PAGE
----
Chinstrap penguins stay alert by punctuating their day with naps. Thing is, these naps last just four seconds each and they take as many as 10,000 of them every day. Researchers from the Neuroscience Research Center of Lyon studied a colony of the penguins living on King George Island, Antarctica. The longest sleep they measured, via electrodes implanted in the birds' brains, was 34 seconds.
The short snoozes, which add up to more than 11 hours of daily sleep, seem to be enough to fulfill at least some of the restorative functions of sleep, according to a study published today in Science[…]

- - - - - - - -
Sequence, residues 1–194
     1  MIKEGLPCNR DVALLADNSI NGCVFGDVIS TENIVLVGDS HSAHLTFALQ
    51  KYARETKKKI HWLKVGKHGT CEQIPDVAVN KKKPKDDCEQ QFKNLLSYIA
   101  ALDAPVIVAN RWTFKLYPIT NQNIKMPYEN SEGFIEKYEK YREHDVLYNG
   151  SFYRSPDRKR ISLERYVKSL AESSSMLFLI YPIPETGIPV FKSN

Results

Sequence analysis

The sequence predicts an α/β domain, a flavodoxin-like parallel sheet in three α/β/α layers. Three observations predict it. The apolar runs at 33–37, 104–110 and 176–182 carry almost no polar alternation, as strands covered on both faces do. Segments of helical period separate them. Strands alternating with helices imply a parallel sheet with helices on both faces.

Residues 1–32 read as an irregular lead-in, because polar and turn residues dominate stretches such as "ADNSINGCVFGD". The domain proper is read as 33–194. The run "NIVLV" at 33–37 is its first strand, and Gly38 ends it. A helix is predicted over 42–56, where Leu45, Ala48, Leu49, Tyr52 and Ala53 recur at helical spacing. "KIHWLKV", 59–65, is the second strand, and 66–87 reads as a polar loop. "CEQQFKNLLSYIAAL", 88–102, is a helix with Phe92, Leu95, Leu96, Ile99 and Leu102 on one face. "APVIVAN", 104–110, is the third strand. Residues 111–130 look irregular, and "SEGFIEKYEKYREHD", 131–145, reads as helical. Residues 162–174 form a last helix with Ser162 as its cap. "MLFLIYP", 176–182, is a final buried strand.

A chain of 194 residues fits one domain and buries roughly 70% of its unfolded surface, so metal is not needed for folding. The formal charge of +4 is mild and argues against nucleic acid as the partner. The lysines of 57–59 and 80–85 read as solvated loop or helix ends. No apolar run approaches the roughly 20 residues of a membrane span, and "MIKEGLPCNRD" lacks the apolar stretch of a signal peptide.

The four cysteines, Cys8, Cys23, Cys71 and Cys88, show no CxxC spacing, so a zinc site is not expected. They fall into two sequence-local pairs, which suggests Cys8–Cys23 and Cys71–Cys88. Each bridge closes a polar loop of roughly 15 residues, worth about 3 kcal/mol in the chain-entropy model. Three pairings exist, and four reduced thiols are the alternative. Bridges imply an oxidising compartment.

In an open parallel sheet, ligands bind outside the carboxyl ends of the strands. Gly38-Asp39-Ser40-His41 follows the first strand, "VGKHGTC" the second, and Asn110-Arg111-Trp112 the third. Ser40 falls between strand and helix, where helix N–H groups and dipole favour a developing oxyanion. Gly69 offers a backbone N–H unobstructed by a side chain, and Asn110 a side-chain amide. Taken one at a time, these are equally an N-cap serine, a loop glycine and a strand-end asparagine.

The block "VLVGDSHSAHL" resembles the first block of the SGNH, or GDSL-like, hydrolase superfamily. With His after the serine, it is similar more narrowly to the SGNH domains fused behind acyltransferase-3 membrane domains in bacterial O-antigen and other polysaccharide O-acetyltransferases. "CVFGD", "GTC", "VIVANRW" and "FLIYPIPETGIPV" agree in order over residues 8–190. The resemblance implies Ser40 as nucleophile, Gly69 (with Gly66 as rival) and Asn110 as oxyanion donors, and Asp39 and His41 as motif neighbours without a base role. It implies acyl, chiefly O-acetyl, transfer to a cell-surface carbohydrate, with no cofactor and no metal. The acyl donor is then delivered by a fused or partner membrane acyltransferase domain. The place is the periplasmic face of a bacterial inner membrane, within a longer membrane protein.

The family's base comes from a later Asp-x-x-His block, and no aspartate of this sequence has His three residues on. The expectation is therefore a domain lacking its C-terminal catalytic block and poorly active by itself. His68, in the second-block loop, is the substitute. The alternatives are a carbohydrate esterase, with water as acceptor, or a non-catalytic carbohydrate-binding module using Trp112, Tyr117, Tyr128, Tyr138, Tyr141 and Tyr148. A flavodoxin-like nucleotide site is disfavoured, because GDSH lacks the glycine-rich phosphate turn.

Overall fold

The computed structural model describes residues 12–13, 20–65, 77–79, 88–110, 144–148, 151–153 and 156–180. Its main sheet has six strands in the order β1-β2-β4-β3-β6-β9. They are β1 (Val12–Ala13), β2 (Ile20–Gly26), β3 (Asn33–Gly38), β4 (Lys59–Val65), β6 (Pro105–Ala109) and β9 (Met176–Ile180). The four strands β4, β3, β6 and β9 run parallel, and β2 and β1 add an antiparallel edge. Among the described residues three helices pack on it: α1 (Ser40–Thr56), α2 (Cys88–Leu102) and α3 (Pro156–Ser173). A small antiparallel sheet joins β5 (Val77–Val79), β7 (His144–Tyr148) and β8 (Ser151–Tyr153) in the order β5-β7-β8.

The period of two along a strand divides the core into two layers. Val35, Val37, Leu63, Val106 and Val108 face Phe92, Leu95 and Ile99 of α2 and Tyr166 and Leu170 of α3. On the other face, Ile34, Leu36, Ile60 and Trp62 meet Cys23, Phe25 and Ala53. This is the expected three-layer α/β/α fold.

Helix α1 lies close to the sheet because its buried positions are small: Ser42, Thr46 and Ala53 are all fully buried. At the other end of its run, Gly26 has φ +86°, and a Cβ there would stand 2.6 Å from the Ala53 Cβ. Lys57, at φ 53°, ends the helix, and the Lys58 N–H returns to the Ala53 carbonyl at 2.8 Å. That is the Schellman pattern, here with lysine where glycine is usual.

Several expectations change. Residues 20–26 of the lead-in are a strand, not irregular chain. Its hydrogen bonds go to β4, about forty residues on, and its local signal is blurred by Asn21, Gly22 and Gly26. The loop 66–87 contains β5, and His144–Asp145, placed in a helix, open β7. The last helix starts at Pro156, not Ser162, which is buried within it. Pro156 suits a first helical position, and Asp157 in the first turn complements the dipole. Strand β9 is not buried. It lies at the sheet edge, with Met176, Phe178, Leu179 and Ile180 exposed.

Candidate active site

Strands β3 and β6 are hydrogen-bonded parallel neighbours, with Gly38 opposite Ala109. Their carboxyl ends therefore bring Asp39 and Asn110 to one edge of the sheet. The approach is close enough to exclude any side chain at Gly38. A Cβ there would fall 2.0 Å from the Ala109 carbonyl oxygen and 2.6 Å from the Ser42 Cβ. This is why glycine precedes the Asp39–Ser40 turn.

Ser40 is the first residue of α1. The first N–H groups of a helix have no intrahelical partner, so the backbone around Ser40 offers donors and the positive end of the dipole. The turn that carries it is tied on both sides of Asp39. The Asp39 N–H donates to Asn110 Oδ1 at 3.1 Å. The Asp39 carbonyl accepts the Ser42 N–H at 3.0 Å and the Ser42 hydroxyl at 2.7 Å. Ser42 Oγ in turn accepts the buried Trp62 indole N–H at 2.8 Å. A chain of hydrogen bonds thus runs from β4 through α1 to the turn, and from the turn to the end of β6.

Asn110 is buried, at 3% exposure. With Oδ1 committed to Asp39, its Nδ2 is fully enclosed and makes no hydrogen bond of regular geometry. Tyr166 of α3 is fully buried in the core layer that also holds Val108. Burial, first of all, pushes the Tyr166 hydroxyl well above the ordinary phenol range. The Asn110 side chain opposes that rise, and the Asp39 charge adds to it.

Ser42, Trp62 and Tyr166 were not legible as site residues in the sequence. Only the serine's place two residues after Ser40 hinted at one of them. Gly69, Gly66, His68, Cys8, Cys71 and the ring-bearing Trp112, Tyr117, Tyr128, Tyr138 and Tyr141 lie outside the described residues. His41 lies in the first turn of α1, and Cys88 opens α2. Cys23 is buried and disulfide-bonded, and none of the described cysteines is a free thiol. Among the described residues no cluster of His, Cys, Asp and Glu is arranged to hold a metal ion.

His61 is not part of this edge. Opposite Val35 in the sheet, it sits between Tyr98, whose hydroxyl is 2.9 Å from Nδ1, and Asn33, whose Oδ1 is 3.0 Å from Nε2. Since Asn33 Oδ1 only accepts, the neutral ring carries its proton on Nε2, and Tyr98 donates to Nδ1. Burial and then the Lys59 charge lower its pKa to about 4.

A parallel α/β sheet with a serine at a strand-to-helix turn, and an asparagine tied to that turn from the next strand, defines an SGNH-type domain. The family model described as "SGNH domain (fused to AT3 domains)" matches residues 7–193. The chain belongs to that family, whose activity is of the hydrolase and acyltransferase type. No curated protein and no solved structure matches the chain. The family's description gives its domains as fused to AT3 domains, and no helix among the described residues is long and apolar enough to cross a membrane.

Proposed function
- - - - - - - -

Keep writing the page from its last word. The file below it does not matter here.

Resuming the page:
Penguins engaged in more than 600 short bouts of slow-wave sleep per hour. These bouts became even shorter and more frequent when the birds were caring for eggs, perhaps because they need to be more alert while incubating, the researchers say[…]
The authors suggest that if microsleep can indeed be restorative, perhaps other creatures also rely on it to obtain rest in situations where they need to remain vigilant. "We don't know whether the benefits of microsleep are the same in penguins and other mammals [such as] rats and humans," [sleep ecopyhysiologist Paul-Antoin] Libourel says. But "the study shows that at least one species is able to sleep like this and behave normally, so I don't see why other species couldn't evolve the same sleep adaptation."